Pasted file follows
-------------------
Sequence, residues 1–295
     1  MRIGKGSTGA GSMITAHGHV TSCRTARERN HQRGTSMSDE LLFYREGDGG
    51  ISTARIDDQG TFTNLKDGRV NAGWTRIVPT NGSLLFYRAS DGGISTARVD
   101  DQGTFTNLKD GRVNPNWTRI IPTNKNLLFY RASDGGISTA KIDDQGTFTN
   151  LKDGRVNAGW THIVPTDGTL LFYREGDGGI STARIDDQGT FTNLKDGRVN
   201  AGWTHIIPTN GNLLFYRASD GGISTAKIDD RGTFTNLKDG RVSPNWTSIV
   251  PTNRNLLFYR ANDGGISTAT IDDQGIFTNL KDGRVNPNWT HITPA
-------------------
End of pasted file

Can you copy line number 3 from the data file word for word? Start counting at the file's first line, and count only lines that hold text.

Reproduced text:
    51  ISTARIDDQG TFTNLKDGRV NAGWTRIVPT NGSLLFYRAS DGGISTARVD